Tuesday, June 17, 2008

CfH Conference - The Information Revolution

Today I attended the annual Connecting for Health Conference for Nurses, Midwives & Healthcare Practitioners entitled "Culture Change in Professional Practice - The Information Revolution".

This years event was held at Central Hall, Westminster and was less busy and exciting than the first event I attended a couple of years ago, with less than 200 booking for the event & quite a few of them not attending (and quite a few leaving early).

Although I arrived a little late because of delays (again) on First Late Western Trains, I caught most of the welcome and introduction by Barbara Stuttle and Susan Osborne, Connecting for Health's National Clinical Leads for Nurses. They gave some standard messages about the integration of systems and current drivers in the NHS with a particular focus on providing "connected care in the community" based on risk and demographic change.

The first keynote speaker was Dame Christine Beasley, the Chief Nursing Officer at the Department of Health. She highlighted the complexity of care and listed the "achievements" of Connecting for Health - a list of figures obviously provided by one of her staff and which didn't stand up to too much scrutiny. She mentioned her visit yesterday when she had seen the "Mobile Clinical Assistant", which is basically a robust laptop which can be disinfected, in practice (see Intel , Motion Computing etc.) She highlighted safety issues, particularly related drugs and polypharmacy, and emphasised the importance of HealthSpace (which is unavailable as I write this). A final mention was made that a National Director for Nursing is to be appointed in Connecting for Health and within her organisation chart this role was seen as being fairly high level - with the "Clinical Leads" reporting to them. It will be interesting to see who is appointed to this role - and whether they make a difference in terms of engagement with the professions and to the culture of CfH.

The coffee break was followed by three "knowledge sessions". The first of these was by Gill Stollen (?sp) talking about Lorenzo development. She started from a historical perspective related to paper records - and asked for nurses to tell them what the Lorenzo releases should do. Several speakers during the day repeated this request for nurses to get involved and help to specify what the systems, which are under development, should help nurses in their practice. The thought which came to my mind was that CfH should have involved clinicians when the original specifications were drawn up five years ago & maybe they would be further along with implementation (and have more NHS staff "on board") than they have at present.

The second knowledge session was about clinical assisstive technology (which I would call telehealth) led by George MacGinnis (Assistive Technology Programme Manager, NHS Connecting for Health), who was wearing his falls monitor! This session also included Helen Rollins a community matron in Swindon. She described a program which has put blood pressure, pulse oximetry etc monitors, and scales into the homes of patients with COPD connecting to a monitoring centre. Staff at the centreare able to detect changes in patients conditions enabling intervention where needed. The examples of success, which she described, have led to further developments, with blood sugar and other monitors being connected to the system via a variety of peripherals. She also touched on the interface between health and social care - including who should be funding this work.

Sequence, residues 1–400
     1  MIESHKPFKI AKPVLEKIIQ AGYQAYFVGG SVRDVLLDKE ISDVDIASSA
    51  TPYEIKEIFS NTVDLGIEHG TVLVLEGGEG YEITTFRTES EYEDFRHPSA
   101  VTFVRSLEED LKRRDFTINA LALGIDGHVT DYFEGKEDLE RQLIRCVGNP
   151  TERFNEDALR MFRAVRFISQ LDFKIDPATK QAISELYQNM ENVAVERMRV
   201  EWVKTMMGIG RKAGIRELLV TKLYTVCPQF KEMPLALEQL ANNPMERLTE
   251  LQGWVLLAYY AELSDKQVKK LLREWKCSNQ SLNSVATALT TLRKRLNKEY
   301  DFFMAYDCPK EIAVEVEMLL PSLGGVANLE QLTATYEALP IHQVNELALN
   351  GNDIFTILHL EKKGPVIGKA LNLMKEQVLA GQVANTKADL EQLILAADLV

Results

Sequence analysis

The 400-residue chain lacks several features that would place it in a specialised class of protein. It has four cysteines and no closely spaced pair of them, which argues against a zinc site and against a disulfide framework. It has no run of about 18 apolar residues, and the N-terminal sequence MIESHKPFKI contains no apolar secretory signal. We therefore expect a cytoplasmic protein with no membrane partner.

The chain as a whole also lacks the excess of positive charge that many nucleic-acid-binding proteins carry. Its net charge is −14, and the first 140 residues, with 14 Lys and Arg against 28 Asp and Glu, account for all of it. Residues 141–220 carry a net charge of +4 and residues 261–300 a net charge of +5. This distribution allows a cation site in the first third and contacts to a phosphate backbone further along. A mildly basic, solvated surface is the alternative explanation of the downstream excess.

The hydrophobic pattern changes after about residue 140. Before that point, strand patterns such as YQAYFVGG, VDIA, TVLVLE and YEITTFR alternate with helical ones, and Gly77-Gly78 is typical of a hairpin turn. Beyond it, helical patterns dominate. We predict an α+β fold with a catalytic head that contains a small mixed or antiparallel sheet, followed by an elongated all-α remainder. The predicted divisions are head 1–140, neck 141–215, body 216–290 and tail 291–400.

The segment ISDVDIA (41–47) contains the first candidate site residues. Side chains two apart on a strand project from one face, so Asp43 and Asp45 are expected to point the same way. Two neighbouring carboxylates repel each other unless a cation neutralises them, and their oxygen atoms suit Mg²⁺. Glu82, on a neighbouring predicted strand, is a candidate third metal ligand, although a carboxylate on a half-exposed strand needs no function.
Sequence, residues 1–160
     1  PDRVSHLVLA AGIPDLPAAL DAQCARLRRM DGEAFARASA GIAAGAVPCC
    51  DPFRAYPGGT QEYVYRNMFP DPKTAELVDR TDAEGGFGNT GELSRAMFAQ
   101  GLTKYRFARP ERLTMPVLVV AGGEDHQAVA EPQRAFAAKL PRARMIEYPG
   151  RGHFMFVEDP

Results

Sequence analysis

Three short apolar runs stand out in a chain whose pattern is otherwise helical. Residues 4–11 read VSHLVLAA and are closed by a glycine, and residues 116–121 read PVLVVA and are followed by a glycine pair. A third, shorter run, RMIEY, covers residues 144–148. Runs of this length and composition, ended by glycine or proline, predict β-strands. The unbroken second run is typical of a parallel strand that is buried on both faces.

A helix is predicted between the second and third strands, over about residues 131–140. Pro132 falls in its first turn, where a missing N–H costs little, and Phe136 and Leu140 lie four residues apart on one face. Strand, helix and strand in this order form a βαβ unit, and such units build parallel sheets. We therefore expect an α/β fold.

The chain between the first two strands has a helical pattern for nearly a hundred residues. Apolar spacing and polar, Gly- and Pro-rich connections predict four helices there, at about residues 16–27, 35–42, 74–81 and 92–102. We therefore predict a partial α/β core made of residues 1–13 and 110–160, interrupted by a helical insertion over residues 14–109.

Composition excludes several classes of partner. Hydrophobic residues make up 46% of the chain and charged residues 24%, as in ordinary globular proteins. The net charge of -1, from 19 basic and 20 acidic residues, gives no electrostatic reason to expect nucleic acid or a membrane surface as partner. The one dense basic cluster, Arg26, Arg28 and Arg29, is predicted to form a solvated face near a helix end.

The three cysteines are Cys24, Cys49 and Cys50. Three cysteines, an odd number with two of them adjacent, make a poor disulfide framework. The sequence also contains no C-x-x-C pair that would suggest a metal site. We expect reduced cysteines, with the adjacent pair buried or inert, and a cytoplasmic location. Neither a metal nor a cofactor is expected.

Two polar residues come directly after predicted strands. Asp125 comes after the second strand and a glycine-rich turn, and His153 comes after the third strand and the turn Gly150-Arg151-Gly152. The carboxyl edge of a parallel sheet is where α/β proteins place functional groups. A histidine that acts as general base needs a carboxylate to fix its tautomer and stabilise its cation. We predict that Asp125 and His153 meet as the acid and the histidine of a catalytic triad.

The next presentation was by Mike McAtominey about the new Essential IT Skills programme which has replaced the ECDL as basic IT skills training provision in the NHS and NHS Health which teaches staff about Information Governance. He did say that this was being made available to students in Universities on NHS related courses and I will have to follow this information up. I picked up a copy of the training materials, which have been developed by University Hospitals of Morecambe Bay NHS Trust, in the exhibition and will be taking a look at them when I get some time.

During the morning delegates had been encouraged to write questions on slips of paper for a panel session which convened after lunch. The panel included: Susan Osborne (National Clinical Lead for Nurses), Michael Thick (Chief Clinical Officer for Connecting for Health), Ian Cowles (Group Director NHS CRS Implementation), Marlene Winfield (National Patient Lead NHS Connecting for Health), Julie Tindale (National Clinical Lead for Midwifery) and Yvonne Pettigrew (National Clinical Lead for Allied Health Professions) with the questions being selected and put by Barbara Stuttle. The questions put to the panel touched on a variety of topics, but a cynic might suggest they had been selected to enable the panel to give their "set pieces". A question about Local Ownership and clinical engagement brought nice phrases about SHA clinical leads been "brought on board"; partnership working with social services about assisstive technology brought platitudes about shared budgets and a question about system failures and downtime - brought claims about the national spine being available 99.99% of the time.